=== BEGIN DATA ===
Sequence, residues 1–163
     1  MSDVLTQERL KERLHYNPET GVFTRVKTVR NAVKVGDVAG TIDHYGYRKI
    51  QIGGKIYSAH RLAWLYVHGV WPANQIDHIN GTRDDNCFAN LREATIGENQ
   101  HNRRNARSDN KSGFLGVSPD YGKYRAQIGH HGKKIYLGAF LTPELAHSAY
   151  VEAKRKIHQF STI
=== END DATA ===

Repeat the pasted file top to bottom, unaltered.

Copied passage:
Sequence, residues 1–163
     1  MSDVLTQERL KERLHYNPET GVFTRVKTVR NAVKVGDVAG TIDHYGYRKI
    51  QIGGKIYSAH RLAWLYVHGV WPANQIDHIN GTRDDNCFAN LREATIGENQ
   101  HNRRNARSDN KSGFLGVSPD YGKYRAQIGH HGKKIYLGAF LTPELAHSAY
   151  VEAKRKIHQF STI